General Election Manifestos 2010: Conservative, Labour, Liberal Democrats and Greens

ManifestoAll three main UK parties take climate seriously and promise to reduce emissions and expand low-carbon energy. They all recognise the energy security and employment benefits. The Conservatives say that they would:

… build a greener economy: We will reduce UK greenhouse gas emissions and increase our share of global markets for low carbon technologies.

They accept the statutory target, set in the Climate Change Act (a Labour Act but supported by the Conservative Opposition), to reduce emissions by 80% by 2050. The Liberal Democrats go further – they say that the economy should be carbon-neutral overall by 2050.

This article includes direct quotations from the relevant parts of the manifestos of the three main parties on general climate policies, covering investment, taxation, land-use planning, adaptation, the EU, the developing world and forests. Given the link between nuclear weapons and nuclear power, it also covers Trident (see also 14 April 2010: Beating the bomb). For comparison, it also includes the key parts of the Green Party manifesto. Separate Climate Answers articles cover heat and electricity, including energy efficiency, fuel poverty and energy production, and transport, including rail, aviation and road.

The fact that something is promised in a manifesto obviously does not mean that it will be delivered in government. Even if one Party wins an overall majority (which at the time of writing seems unlikely), there will be many competing priorities for the government and unforeseen events. Nevertheless, manifestos are an important indication of the intended direction of travel, so it is encouraging that Conservatives, Labour and Liberal Democrats are agreed that serious steps must be taken to control the climate.



… this wave of low carbon innovation we want to unleash requires investment, so we will create Britain’s first Green Investment Bank – which will draw together money currently divided across existing government initiatives, leveraging private sector capital to finance new green technology start-ups. We will create green individual Savings accounts to help provide the financial backing we need to create a low carbon economy.


The Strategic Investment Fund is supporting important new investment in the nuclear and renewables industries. We will provide incentives for companies to invest through R&D tax credits, and protect and increase the size of capital allowances that help to grow key sectors such as manufacturing.

To ensure Britain’s infrastructure needs are properly resourced, we will work in partnership with the private sector, reforming the regulation of energy to improve incentives for the private sector to invest. We will establish a Green Investment Bank to invest in low-carbon infrastructure, with the Government’s stake funded by the sale of infrastructure assets. The Government will seek to match its contribution with at least £1 billion of private-sector investment.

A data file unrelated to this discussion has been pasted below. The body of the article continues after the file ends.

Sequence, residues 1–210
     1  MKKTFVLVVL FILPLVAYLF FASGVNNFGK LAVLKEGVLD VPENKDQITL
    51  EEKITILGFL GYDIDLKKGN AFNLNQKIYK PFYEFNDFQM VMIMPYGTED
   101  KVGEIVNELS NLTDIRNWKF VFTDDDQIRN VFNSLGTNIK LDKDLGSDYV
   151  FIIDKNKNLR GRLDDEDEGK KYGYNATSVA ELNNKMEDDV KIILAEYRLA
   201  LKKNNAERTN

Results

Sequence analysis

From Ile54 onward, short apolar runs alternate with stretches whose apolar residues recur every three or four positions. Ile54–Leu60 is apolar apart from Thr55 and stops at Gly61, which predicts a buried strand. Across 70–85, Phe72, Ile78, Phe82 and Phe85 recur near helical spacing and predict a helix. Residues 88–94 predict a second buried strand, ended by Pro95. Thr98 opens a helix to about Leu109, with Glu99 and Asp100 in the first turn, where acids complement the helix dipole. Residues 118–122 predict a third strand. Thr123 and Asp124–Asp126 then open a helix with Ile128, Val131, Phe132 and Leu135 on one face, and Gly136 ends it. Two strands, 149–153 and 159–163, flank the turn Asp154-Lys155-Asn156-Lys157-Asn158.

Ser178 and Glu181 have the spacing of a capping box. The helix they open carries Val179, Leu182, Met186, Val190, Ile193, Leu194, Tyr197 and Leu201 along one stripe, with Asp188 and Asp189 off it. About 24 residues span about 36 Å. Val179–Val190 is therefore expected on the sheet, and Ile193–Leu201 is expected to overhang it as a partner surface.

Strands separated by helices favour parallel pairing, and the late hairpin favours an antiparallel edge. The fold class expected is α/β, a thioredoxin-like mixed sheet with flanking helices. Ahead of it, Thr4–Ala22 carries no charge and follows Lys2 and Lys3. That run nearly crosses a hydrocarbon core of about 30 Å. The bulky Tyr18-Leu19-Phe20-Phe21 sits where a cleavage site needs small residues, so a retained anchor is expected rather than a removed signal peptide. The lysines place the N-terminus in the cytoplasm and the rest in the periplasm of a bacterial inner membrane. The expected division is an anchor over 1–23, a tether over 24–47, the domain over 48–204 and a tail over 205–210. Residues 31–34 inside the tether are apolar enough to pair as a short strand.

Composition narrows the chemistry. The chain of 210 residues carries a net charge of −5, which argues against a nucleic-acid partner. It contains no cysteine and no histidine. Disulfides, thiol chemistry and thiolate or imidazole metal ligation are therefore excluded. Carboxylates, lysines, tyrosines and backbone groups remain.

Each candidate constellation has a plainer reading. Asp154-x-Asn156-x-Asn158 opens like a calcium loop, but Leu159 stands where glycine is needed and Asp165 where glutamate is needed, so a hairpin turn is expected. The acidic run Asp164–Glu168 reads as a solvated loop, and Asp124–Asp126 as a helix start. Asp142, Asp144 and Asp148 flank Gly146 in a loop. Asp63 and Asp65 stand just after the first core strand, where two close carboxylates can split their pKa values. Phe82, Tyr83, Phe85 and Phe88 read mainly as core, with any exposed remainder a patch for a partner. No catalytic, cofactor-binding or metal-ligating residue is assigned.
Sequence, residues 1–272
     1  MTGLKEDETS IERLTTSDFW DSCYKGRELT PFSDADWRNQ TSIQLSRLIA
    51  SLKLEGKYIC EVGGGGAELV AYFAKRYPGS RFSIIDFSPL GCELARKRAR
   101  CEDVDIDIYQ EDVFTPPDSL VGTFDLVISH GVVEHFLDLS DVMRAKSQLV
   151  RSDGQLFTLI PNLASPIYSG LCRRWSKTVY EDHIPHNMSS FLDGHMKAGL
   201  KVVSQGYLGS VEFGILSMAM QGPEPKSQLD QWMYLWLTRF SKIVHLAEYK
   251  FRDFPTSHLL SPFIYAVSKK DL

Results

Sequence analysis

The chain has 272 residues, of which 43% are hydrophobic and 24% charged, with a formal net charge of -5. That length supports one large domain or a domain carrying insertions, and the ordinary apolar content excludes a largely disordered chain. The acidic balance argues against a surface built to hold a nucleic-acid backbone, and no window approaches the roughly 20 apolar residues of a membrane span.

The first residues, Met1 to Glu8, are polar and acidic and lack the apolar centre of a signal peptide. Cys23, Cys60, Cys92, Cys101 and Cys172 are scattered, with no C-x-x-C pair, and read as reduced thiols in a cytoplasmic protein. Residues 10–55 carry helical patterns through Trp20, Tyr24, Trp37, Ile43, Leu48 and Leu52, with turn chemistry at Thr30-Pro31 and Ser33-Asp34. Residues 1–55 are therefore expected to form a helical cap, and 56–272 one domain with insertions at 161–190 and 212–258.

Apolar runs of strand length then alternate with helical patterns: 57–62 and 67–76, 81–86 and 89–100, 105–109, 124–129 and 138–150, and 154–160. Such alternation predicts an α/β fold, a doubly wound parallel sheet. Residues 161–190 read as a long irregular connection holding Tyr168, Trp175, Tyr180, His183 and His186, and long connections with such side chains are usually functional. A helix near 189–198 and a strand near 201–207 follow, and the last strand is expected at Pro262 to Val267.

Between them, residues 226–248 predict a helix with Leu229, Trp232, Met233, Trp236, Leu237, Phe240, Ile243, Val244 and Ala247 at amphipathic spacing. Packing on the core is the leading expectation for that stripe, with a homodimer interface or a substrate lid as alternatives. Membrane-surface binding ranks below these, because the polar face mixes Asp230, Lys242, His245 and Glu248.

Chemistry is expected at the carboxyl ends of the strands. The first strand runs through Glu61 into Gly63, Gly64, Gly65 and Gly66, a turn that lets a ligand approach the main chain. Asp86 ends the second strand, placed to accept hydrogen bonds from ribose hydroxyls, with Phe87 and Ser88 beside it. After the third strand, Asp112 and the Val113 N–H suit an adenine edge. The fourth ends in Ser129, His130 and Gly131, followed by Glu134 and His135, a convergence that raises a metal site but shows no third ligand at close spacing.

Liberal Democrats

Allowing individuals to save through our UK Infrastructure Bank, offering stable long-term returns.


Support new institutions like a green investment bank and local community banks in the financial sector, and new ways of investing in the green economy, such as green national savings bonds.



… a credible and sustainable price for carbon is vital if we are to see adequate and timely investment in new electricity generation. Whatever the carbon content of electricity generated, operators considering new investments in projects with a life of several decades need to know where they stand. We will reform the Climate Change Levy to provide a floor price for carbon, delivering the right climate for investment in low carbon energy production.

We will consult on the introduction of a ‘fair fuel Stabiliser’. This would cut fuel duty when oil prices rise, and vice versa. it would ensure families, businesses and the whole British economy are less exposed to volatile oil markets, and that there is a more stable environment for low carbon investment.

We will increase the proportion of tax revenues accounted for by environmental taxes, ensuring that any additional revenues from new green taxes that are principally designed as an environmental measure to change behaviour are used to reduce the burden of taxation elsewhere.

Liberal Democrats

Undertake preparations for the introduction of a system of road pricing in a second parliament. Any such system would be revenue-neutral for motorists, with revenue from cars used to abolish Vehicle Excise Duty and reduce fuel duty, helping those in rural areas who have no alternatives to road travel. Some of the revenue from lorries would be used to fund further extensions of high speed rail through the UK Infrastructure Bank.

Introduce a rural fuel discount scheme which would allow a reduced rate of fuel duty to be paid in remote rural areas, as is allowed under EU law.

Ensuring pollution is properly taxed by replacing the per-passenger Air Passenger Duty with a per-plane duty (PPD), ensuring that air freight is taxed for the First time. We will also introduce an additional, higher rate of PPD on domestic rights if realistic alternative and less polluting travel is available.


Ensure that those most able to pay bear their fair share, and introduce a much-needed increase in environmental taxation.

Reintroduce the fuel duty escalator, raising fuel duty by 8% per year. This will raise £2.2bn in 2010 rising to £10bn by 2013.In the longer run we would introduce a system of domestic carbon quotas.

Modify the regime for Corporation Tax Capital allowances so that the allowances are only available for investment in sustainable technologies, raising £7bn in 2010 rising to £10bn by 2013.

Introduce VAT and fuel duty on aviation, raising £7bn in 2010 and £10bn by 2013.

Increase the rates for the Climate Change Levy and for Landfill Tax, raising £300m.

Replace vehicle excise duty by a new graduated purchase tax on vehicles that heavily penalises over-sized or over-powered vehicles. Overall this would be tax neutral.

Make tax concessions on savings, such as ISAs, only available for investment in sustainable technologies, raising £1.8bn.

Prioritise public transport, then if necessary work towards the introduction of road pricing schemes like the London congestion charge.

Introduce road user tolls for heavy lorries.

If these changes were implemented the share of environmental taxation in total taxes would double from about 7 per cent now to 14 per cent in 2013. In the long run we would aim to replace VAT by environmental taxes, but the current state of the public finances does not allow this in the short term.

Land use Planning